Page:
Today is Father’s Day. Dad passed on Mother’s Day. Here is the text of the tribute I gave for him at his funeral:
Dad lived life fully. We tried to capture it in his obituary, but it felt to me to come up a little short. He also loved music, so I’ll draw on a couple of his favourites as I try to paint a picture of his life.
First up, Centerfield, by John Fogarty:
Well, a-beat the drum and hold the phone
The sun came out today
Growing up, Dad played hockey and baseball, fighting hard under the stern coaching of John ‘Brother’ MacDonald. I couldn’t figure out if Dad, or Gramps for that matter, either hated him or loved him, but Dad played with the heart of a champion.
In college, he played Rugby, or Rugger as he called it— earned himself a plastic shoulder, but that didn’t stop him.
Fogerty also sang:
Put me in coach, I’m ready to play… today.
Dad took his X ring and B.Ed and headed up North, not once, but twice, to teach highschool kids. The reservations weren’t great in the 80s: substance abuse, suicides, poverty. Dad mentored teens, coached sports, and even founded a youth center with Mom. Not every decision was a great one, but his heart was where it was most needed.
When we moved back to Nova Scotia, Dad couldn’t readily teach– a weird twist of economics and bad timing. He adapted.
For many years, Dad sold cars and vacuum cleaners the same way he coached kids. He was good at scraping by and making it work. One of the things he told me was that “every conversation was a sale; there’s a buyer and a seller”. Sure, that’s a dark cynical way to look at the world, but if we’re being honest, it’s not wholly untrue. He also said that if anyone asked him what the best car or vacuum was, the answer was “whatever one you’re selling.”
A little of Kenny Rogers’ The Gambler:
Son, I’ve made a life
Out of readin’ people’s faces
And knowin’ what the cards were
By the way they held their eyes.
Dad pivoted his life and career may times, often in sales, but always in the interest of providing for his family. He also developed a knack for fixing vacuums and small appliances. It’s not that he was a handyman (he wasn’t), but after a few electocutions, burns and the occasional blunt force trauma, he got really, really good at it. He ran the Vacuum Doctor for a very long time.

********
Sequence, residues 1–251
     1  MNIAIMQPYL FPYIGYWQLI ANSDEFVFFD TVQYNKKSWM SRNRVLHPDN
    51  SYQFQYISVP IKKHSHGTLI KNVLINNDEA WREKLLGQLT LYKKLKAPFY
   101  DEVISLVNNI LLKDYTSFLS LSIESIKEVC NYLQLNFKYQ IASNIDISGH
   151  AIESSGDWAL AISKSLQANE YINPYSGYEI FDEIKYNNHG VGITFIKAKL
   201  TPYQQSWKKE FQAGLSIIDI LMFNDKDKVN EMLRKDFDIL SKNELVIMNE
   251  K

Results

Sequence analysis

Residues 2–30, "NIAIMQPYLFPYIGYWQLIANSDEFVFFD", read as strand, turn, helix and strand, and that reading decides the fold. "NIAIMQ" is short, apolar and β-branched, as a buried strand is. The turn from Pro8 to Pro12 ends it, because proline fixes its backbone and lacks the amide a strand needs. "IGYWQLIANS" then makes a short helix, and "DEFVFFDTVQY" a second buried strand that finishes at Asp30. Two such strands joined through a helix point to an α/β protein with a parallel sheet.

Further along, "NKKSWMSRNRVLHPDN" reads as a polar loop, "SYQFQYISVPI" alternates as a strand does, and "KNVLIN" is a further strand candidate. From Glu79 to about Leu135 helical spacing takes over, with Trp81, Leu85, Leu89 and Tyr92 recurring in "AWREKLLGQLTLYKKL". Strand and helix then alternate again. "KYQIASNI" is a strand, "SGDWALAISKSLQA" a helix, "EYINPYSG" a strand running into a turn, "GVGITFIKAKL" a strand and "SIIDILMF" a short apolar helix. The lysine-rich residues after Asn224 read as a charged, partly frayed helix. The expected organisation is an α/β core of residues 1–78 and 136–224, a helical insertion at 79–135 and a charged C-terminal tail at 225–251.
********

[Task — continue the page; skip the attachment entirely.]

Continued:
Bob Seger with Against the Wind:
And I guess I lost my way
There were oh so many roads
I was living to run and running to live
Never worried about paying or even how much I owed
Dad’s first marriage floundered. Then he found love again. I don’t know if it was Dad and Bea’s “second act” or if Dad was already on his third or fourth or fifth. Doesn’t matter. Dad and Bea had a mutual interest in the Maritime Stock Car scene, photography and journalism. The Racing Spectator defined their marriage. And boy, did they have fun. It was amazing.
A little more Seger:
Against the wind
I’m still runnin’ against the wind
I’m older now but still running
Against the wind
When Bea passed, Dad struggled for a while. He leaned on family— his kids. Yet, he adapted as he always did. Made it work by honoring her passions as well as his own. He poured his energies into faith and the community of the Salvation Army.
Back to Kenny Rogers:
Every gambler knows
That the secret to survivin’
Is knowin’ what to throw away
And knowin’ what to keep.
When Dad got sick, it was the smallest thing that took him out: a fall and a crack to the hip. Just a bad roll of the dice, Dad would curse and call it a final dose of “Langille Luck”.
And finally, from The Gambler:
‘Cause every hand’s a winner,
And every hand’s a loser,
And the best that you can hope for
Is to die in your sleep.”